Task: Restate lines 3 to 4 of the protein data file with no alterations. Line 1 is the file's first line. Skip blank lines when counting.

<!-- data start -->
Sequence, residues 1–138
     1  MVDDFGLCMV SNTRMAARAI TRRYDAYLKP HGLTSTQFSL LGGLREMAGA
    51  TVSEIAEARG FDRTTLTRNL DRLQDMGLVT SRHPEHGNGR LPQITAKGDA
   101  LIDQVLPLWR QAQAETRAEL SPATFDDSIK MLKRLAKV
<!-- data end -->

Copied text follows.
    51  TVSEIAEARG FDRTTLTRNL DRLQDMGLVT SRHPEHGNGR LPQITAKGDA
   101  LIDQVLPLWR QAQAETRAEL SPATFDDSIK MLKRLAKV